• 23. Five-Factor Model of Personality  Conscientiousness – characterizes people who are organized, dependable, goal-focused, thorough, disciplined, methodical, and industrious.  People with low conscientiousness tend to be careless, less thorough, disorganized, and irresponsible.  Agreeableness – traits of being trusting, helpful, good-natured, considerate, tolerant, selfless, generous, and flexible.  People with low agreeableness tend to be uncooperative, and intolerant of others’ needs as well as more suspicious and self-focused.  Neuroticism – people who tend to be anxious, insecure, self-conscious, depressed, and temperamental.  In contrast, people with low neuroticism are poised, secure and calm.
  • 24. Five-Factor Model of Personality  Openness to Experience – refers to the extent in which people are imaginative, creative, unconventional, curious, nonconforming, autonomous, and aesthetically perceptive.  People with low on this dimension tend to be more resistant to change, less open to new ideas, and more conventional and fixed in their ways.  Extraversion – people who are outgoing, talkative, energetic, sociable, and assertive.  Introversion – people who are quiet, cautious, and less interactive with others.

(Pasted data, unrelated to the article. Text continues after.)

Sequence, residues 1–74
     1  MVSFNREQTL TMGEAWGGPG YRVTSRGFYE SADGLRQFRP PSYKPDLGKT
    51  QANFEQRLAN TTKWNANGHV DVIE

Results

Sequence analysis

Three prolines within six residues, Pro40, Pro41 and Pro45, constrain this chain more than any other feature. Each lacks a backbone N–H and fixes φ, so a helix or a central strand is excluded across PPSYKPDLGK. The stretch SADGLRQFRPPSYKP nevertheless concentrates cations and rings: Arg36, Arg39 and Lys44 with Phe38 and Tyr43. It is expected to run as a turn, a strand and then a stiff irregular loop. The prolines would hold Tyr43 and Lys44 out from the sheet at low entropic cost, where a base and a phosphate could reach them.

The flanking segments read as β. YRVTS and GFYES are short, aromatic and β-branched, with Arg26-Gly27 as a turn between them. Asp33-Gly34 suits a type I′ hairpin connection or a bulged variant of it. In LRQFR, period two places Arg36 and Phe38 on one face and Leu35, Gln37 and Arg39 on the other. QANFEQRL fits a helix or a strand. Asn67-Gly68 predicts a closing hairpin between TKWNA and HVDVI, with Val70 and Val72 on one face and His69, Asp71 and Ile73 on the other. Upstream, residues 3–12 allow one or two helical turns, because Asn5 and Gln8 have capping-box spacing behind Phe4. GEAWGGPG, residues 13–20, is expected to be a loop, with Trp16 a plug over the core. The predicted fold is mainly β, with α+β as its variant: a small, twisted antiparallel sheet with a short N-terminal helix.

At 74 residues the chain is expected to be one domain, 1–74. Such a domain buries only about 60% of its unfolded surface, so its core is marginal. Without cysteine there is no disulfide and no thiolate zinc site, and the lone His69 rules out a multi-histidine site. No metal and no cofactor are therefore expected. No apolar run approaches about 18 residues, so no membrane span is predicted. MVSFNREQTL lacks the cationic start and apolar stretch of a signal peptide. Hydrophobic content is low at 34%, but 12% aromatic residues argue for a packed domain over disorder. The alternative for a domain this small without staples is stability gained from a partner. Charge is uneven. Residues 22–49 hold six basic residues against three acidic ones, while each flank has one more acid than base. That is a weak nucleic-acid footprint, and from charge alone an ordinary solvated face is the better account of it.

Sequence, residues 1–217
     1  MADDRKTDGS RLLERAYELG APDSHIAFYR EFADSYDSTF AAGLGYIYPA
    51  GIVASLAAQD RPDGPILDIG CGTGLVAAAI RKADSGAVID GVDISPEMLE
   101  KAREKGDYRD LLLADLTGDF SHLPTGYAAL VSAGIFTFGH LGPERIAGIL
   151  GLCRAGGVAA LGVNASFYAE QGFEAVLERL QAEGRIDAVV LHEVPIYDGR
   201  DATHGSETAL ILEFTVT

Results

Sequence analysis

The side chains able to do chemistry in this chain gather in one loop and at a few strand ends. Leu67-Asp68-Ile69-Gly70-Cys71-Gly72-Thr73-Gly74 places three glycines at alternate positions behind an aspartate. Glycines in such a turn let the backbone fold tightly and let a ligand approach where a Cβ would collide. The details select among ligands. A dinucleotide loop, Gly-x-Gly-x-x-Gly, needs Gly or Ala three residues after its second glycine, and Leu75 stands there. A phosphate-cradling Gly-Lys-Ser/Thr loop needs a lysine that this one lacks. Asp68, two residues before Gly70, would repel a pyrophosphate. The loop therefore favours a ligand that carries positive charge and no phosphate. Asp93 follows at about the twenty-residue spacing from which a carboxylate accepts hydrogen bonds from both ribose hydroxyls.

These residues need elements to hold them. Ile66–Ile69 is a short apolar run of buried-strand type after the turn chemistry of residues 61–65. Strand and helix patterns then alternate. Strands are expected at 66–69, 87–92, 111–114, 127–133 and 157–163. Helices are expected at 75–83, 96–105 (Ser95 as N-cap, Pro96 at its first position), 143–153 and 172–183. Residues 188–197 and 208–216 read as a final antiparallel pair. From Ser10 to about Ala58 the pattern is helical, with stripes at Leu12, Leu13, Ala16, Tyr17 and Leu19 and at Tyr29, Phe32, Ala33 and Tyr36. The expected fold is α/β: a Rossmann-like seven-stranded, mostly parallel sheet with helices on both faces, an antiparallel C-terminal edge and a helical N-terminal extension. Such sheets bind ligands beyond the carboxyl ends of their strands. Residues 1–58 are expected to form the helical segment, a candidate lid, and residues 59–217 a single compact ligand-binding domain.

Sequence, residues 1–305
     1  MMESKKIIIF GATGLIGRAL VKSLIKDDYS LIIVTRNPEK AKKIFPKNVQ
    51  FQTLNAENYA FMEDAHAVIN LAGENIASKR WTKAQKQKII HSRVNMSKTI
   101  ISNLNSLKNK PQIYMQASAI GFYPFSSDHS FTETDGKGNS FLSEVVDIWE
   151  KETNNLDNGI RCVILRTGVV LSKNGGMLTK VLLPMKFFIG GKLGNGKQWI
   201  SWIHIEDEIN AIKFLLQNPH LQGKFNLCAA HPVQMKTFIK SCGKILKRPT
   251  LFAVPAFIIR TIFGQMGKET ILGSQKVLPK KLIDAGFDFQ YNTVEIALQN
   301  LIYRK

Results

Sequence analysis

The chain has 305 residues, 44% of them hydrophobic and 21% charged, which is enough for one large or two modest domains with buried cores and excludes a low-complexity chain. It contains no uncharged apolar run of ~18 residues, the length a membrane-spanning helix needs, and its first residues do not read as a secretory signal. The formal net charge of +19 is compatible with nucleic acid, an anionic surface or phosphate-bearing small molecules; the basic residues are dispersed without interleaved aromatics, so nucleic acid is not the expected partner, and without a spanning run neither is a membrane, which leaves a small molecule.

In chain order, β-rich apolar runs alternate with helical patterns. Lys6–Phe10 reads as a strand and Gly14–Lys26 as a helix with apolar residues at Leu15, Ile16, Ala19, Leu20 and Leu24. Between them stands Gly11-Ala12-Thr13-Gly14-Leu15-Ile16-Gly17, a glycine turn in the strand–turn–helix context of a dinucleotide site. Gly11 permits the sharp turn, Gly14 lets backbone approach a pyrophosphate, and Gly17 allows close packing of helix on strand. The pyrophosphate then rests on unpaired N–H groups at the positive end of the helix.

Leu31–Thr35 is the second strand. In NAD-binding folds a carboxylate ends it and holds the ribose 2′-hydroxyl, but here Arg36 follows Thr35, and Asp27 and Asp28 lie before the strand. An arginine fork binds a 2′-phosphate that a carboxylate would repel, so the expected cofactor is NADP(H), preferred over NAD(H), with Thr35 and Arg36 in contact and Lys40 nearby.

• 25. Jungian Personality Theory and the Myers-Briggs Type Indicator  Psychiatrist Carl Jung proposed that personality is primarily represented by the individual’s preferences regarding perceiving and judging information.  Jung explained that perceiving, which involves how people prefer to gather information or perceive the world around them, occurs through two competing orientations: Sensing (S) and Intuition (N).  Sensing (S) involves perceiving information directly through the five senses; it relies on organized structure to acquire factual and preferably quantitative details.  Intuition (N) relies more on insight and subjective experience to see relationships among variables.  Sensing type focus on the here and now, whereas intuitive type focus more on future possibilities.